"You never could tell who was going to be onstage. Literally you did not know. When Willie Nelson first performed there, he looked like he worked for IBM. You saw the biggest names in the world. They were playing, like, the Forum, but they’d also be at the Palomino. For God’s sake, we had half the Beatles show up one night and the Rolling Stones on another. One night I saw Leon Russell playing with Jerry Lee Lewis. They don’t play the same kind of music. And then who jumped up there with them but Glen Campbell! You’d think he was pretty conservative, but he had a wild streak and he was a great guitar player. His bass player, Billy Graham, would hop up there, and then you’d have some of the rock musicians jump in, and they piled on the stage. Everybody wanted to jam. Nobody knew what they were going to play. And they would just start, and you’d think, Oh, my God. The next day you’d tell people, and they’d say, ‘Why didn’t you call me?’ But it’s not like anyone knew it was going to happen."
[LEADER OF THE PALOMINO RIDERS]
"It was the place to be seen. Even guys who were in town for other reasons, like Haggard and Jerry Lee or Hank Jr., would come and sit in with us. Then it became a place for the Hollywood set, too. It was very exciting to see all the actresses. Victor French was a regular. Athletes started coming in. The Dodgers showed up. Ron Cey and Don Sutton were there. Some of the Rams used to come out. Conway Twitty and Mac Davis would come in a lot. George Hamilton showed up one night after he got through filming the life story of Hank Williams. He fancied himself a country singer at that point. He got up and grabbed my guitar. The set was over. The night was over. He had all the girls gathered around, and he had my guitar. We just left. I assumed he wouldn’t steal it. When we walked out, he was singing to the girls."
[PEDAL-STEEL PLAYER FOR THE PALOMINO RIDERS]
"You could have Waylon Jennings playing and Willie Nelson would show up. If they were in town, that’s where they went, to the Pal, just to hang, and the hang was the best part of the whole deal. Musicians came in, many of them every single night they weren’t working. A lot of them would sit in and just get up onstage and play with us. We’d still do our regular songs, but if someone wanted to sing, we’d do their songs. It was a real community of players."
"I probably went to the Palomino for the first time in the mid-’70s. Jerry Inman and the Palomino Riders were playing. The PA system was a Shure Vocal Master, which was actually just bizarre because it wasn’t very powerful. I was young and I wasn’t very sophisticated, but they sounded like a record. I never heard a band that good on the stage. I don’t even think there was a headliner that night. Back then there was an element of danger in the bar. There were people drinking and people in the parking lot. There was whiskey flowing. It wasn’t really a super-drug-era place—maybe weed. A lot of honky-tonkers would take uppers so they could drink more. I remember seeing Johnny Paycheck standing at the bar once, and Waylon Jennings. It was just a very impressive, kind of frightening place to be young and go into. When you’re 21, 22, 23, your ‘hanging out at the bar’ chops aren’t up yet. You’re not a man-man, where you go in, stand at the bar, put your money down, and get your drink."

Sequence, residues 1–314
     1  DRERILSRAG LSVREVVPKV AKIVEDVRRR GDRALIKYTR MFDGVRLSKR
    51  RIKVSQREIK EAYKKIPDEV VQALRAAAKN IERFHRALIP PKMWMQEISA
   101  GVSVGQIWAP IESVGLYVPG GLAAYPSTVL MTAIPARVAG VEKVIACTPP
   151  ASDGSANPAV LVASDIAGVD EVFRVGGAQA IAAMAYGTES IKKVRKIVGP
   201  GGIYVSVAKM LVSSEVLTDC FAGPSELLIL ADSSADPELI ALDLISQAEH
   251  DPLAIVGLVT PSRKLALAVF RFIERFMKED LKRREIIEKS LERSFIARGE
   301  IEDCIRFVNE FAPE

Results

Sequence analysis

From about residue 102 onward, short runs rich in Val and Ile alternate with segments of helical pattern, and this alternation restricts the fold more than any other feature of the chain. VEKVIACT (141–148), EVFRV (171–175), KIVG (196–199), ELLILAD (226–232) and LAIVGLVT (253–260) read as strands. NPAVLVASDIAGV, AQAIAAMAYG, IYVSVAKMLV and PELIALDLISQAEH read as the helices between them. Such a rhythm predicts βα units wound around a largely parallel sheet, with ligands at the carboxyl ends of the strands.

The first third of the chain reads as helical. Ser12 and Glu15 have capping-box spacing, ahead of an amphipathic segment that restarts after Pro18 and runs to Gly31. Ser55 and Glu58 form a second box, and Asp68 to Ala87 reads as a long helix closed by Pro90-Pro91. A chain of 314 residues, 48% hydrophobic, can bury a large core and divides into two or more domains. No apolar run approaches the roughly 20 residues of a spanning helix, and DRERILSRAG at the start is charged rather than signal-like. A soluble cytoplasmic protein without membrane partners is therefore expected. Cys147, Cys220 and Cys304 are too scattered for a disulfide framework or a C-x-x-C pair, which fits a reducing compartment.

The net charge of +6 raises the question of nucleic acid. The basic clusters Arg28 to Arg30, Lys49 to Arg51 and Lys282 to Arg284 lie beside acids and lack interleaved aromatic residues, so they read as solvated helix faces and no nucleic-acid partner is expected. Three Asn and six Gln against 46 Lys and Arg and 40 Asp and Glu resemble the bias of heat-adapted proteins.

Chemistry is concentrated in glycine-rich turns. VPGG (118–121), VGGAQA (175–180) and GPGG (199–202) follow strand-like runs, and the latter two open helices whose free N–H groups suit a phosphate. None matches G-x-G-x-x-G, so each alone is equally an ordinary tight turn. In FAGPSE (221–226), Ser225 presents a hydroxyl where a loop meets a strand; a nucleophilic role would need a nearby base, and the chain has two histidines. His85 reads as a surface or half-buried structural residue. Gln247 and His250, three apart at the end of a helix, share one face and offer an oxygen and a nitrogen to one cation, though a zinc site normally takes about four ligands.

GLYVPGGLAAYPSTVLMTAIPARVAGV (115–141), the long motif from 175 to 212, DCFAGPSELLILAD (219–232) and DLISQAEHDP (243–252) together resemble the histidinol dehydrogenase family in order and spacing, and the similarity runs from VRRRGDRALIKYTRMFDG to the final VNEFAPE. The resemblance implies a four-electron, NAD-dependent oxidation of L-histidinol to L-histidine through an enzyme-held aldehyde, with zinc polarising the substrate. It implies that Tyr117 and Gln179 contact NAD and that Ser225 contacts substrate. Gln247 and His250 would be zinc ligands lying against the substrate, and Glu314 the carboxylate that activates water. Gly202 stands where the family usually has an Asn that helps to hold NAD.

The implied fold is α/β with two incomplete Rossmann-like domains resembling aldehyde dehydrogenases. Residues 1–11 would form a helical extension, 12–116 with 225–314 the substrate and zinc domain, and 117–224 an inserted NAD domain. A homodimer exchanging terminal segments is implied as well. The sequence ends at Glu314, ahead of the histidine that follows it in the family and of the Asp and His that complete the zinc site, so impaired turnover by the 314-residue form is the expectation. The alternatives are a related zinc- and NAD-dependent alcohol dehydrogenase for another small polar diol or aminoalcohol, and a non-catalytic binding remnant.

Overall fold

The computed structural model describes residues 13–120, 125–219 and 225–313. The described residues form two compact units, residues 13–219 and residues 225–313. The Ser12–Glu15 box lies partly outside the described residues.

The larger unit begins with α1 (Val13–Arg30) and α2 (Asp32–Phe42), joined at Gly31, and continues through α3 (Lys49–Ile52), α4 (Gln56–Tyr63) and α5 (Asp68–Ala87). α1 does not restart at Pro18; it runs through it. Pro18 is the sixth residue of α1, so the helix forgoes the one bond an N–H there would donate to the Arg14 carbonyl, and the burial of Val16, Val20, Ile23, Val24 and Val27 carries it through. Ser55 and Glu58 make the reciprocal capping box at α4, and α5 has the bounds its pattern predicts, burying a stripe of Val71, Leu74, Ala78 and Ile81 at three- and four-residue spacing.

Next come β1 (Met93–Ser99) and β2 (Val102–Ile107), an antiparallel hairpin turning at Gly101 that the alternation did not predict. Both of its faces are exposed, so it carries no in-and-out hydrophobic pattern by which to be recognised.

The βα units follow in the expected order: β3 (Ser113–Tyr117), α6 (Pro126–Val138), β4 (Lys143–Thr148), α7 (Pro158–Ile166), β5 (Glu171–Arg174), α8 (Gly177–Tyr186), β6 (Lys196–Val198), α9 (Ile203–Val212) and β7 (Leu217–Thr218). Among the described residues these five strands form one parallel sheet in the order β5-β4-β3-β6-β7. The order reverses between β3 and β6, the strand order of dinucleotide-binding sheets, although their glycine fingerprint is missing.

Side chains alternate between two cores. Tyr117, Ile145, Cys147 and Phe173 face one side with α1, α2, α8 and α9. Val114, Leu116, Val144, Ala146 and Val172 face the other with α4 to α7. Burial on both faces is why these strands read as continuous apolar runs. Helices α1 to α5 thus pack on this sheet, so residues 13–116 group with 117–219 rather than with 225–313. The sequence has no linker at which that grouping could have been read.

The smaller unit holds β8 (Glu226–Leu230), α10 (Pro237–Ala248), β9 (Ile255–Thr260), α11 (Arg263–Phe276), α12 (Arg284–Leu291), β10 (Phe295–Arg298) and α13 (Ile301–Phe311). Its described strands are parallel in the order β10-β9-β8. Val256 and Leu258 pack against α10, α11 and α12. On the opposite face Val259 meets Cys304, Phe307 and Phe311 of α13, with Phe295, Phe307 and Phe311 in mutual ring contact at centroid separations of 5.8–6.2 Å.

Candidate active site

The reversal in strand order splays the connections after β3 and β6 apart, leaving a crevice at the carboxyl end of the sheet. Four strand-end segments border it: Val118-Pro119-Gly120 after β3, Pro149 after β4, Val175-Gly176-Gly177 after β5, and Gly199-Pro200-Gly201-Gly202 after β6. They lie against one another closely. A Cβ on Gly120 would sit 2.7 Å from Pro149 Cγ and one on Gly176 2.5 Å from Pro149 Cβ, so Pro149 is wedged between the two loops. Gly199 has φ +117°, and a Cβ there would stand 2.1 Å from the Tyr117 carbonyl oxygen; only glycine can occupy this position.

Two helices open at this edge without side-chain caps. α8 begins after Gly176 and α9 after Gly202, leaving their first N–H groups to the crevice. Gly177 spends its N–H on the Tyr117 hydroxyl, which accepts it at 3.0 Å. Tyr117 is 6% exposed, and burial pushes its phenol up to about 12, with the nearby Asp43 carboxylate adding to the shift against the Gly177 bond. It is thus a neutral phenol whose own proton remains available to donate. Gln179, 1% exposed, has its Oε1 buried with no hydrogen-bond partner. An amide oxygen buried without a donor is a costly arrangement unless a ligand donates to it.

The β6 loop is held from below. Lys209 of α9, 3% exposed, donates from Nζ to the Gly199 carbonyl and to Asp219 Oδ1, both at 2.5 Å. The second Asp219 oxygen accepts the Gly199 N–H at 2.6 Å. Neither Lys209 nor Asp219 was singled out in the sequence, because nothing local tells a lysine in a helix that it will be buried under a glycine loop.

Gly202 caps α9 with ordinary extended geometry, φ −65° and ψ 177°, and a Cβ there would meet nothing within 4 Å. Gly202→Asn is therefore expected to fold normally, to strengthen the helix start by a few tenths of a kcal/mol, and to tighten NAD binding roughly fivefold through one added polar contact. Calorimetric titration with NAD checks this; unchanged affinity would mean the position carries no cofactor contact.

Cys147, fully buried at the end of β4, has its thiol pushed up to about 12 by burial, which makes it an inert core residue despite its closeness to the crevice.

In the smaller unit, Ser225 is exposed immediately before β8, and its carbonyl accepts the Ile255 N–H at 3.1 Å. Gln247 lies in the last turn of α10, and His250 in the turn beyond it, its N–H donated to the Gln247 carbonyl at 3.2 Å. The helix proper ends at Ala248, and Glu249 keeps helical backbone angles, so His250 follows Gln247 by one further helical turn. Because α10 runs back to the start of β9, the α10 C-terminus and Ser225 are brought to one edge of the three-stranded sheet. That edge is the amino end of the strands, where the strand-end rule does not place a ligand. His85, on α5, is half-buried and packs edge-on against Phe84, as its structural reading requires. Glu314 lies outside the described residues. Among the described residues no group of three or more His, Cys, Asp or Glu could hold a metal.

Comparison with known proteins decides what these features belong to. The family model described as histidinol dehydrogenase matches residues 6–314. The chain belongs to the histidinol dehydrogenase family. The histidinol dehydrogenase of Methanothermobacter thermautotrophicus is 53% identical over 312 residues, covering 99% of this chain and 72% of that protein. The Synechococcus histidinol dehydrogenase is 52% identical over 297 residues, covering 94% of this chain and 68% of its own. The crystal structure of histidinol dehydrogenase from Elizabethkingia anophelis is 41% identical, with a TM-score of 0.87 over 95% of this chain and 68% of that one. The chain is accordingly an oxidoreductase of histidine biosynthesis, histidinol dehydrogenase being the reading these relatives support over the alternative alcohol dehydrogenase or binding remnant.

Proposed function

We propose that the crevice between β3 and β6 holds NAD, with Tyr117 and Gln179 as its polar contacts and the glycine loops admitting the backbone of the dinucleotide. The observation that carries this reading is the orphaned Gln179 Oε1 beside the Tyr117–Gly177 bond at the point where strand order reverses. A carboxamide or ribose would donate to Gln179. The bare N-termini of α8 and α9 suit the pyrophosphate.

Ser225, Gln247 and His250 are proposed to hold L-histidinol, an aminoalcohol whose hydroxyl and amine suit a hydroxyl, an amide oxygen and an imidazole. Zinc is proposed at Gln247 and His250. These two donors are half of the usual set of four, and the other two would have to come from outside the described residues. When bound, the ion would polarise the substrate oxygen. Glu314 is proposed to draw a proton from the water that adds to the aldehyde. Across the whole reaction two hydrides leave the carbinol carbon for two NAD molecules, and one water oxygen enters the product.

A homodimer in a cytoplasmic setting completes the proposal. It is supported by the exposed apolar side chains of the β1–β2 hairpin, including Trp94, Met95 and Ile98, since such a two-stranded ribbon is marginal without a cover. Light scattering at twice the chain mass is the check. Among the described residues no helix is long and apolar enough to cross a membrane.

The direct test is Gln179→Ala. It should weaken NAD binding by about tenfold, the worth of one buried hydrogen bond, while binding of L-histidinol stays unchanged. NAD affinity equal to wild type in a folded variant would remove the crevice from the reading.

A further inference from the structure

Shields: “When Tommy thought about the artists, he didn’t think about their music. He thought in terms of how much money they’d be worth that weekend. There was a waitress named Mona, who used to put a bug in Tommy’s ear because Tommy didn’t listen to the radio and wasn’t a fan. She was the one who got him to book Merle Haggard for the first time. I was there. He said, ‘Who?’ She kept saying, ‘Have I ever steered you wrong?’ Of course she got a real feather in her cap because Haggard played there several times prior to ‘Okie from Muskogee’ in 1969, and after that, well…But he did come in as a customer. Tommy counted on some of the girls to keep him hip as to who was good. He was aware of the advantage of getting artists in there before they got too big.”
Maness: “Tommy spent a lot of money papering the place. He’d leave free tickets on the table. He’d advertise on all the country stations and in the newspaper—never missed. He spent a lot of money, except on the band. He would bring us in periodically for a band meeting and would noodle on a piece of paper with a pen and make all these lines and stuff and use language like a sailor. He’d say, ‘You effing guys, there are 2 million people in the Valley and you can’t even bring in 400. What’s the problem?’ On the other hand, we’d go back out into the club and he’d want us to move chairs. One time I said, ‘Tommy, I don’t get paid enough to move chairs. I’m not gonna do it.’ He said, ‘Out! Get out, and don’t come back!’ I came back the next night, and it was like nothing had happened. I give him a lot of credit because he made the place work. He would dodge the fire department on the crowd capacity. The club was well known for the steaks and the cheese bread. I saw him give an armload of raw meat to the firemen so they’d leave him alone. They actually did, and they’d say, ‘OK, Tommy, but be careful.’ It’s the truth if I’ve ever told it.”
This feature originally appeared in the June 2014 issue of Los Angeles magazine.